Thanksgiving: the relationship between sport, society and oppression (4/6)

By Kay Phoenix Nacto

On October 23, 2017 Justin Timberlake (with the assistance of his friend and entertainer Jimmy Fallon) announced that he will be performing at the upcoming Super Bowl Halftime show. One question began to circulate social media and many conversations surrounding the upcoming game: what about Janet Jackson?

February 1st 2004, the Super Bowl XXXVIII Halftime show would change lives and the internet drastically. Janet and Justin put on a show that was both entertaining and memorable but would become infamous for all the wrong reasons. Somewhere amid the performance Justin accidently revealed Janet’s breast and the wardrobe malfunction (a phrase which was introduced to the pop-culture vernacular because of what happened) would not only be recorded, but replayed, and reviewed on a mass scale due to TiVo, which changed the way people watched tv at home. It would also be the reason that YouTube was created. Jawed Karim (one the 3 founders) has stated in many interviews that his idea for what became YouTube sprang from two very different events in 2004: Janet Jackson’s “wardrobe malfunction,” during a Super Bowl show, and the Asian tsunami.

The broadcasted incident garnered CBS a fine from the FCC and backlash for Justin. More importantly, the Grammy revoked privileges for Janet that year, as well as a series of events that some would call a blackballing within the entertainment industry. Nipplegate became the coined phrase for the situation because everyone wanted to know, “whose fault was it really?”

Janet Jackson is a multiplatinum selling artist. She is an icon. She is a part of the Jackson family legacy. She is a black body performing in front of the white dominated male world.

When thinking about bodies, materiality comes to mind, but it is not that simple. The body is subjected to perception. The body is raced, gendered, and classed. This intersection and the body’s intersectional existance is why one body appears as more important than another. For instance, the ways black women’s bodies are viewed as spectacles in the public is rooted in the intersections of power, privilege, and oppression. Black bodies suffer from both invisibility and hypervisibility and it was ever so present during the unpacking of the halftime show.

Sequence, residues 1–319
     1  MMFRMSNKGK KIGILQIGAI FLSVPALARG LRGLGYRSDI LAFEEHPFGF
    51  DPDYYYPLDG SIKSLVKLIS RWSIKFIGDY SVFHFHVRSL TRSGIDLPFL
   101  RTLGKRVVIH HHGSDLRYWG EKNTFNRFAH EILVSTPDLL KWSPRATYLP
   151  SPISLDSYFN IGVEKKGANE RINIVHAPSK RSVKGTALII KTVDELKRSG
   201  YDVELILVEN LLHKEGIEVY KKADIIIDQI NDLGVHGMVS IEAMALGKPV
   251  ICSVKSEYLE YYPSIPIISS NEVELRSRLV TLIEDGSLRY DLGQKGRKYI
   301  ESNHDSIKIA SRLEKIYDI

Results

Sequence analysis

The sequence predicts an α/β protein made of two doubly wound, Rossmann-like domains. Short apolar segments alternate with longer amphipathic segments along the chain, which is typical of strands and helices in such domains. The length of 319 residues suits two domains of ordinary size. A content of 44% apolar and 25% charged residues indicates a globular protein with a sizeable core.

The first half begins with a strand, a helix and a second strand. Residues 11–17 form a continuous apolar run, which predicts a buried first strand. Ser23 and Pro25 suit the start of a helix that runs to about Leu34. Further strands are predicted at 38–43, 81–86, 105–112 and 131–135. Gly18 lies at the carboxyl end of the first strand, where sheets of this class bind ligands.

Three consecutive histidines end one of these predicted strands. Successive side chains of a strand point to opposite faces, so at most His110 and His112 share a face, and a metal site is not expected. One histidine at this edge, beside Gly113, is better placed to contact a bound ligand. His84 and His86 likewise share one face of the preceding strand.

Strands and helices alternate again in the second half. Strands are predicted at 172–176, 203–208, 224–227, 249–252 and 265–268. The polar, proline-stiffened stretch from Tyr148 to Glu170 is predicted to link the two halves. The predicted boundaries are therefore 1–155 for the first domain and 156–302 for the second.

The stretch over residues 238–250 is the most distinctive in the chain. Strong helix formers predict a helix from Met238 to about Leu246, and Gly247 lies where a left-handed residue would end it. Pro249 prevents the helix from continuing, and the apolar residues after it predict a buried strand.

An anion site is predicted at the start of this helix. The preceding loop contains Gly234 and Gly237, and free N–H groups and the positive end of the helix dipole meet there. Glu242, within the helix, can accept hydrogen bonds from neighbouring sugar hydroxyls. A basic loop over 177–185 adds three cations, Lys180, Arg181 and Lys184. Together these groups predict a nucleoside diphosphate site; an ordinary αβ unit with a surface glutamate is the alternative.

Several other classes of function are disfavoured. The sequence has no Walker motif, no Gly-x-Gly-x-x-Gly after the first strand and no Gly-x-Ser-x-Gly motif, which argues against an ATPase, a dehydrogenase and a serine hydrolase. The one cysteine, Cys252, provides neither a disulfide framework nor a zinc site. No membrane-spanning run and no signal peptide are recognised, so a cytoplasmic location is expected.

Janet’s body was replayed and dissected on both live TV and in private homes, just as the body of Sara Baartman, a South African woman who lived in the 1800s, was in public arenas and private hospital rooms. There is no doubt that Janet has agency over her body, but there is much to be said about the blame that was placed on her at the time, and how it was claimed that the “accident” was a stunt that she created to get attention. Her music, her platform, and her image changed. Black female bodies have always been at the pleasure of the public and that mean they can be policed and controlled. As with women who have been sexually assaulted there tends to be a spotlight on what she was wearing, what did she do to bring the unwanted attention, how could she have avoided the situation.

The very idea about invisibility and hypervisibility is what made Colin Kaepernick take a knee. He highlighted the injustices of black bodies regarding police brutality, in return his own black body has become a target for multiple conversations surrounding sports and politics. The Super Bowl Halftime show might seem trivial in comparison, but it is relevant nonetheless. Perhaps amid Justin’s performance, Janet may show up and that could be a small means of reparation for what happened back in 2004.  However, it will not be a conclusion to the necessary, although often silenced, ongoing conversation about whose body matters.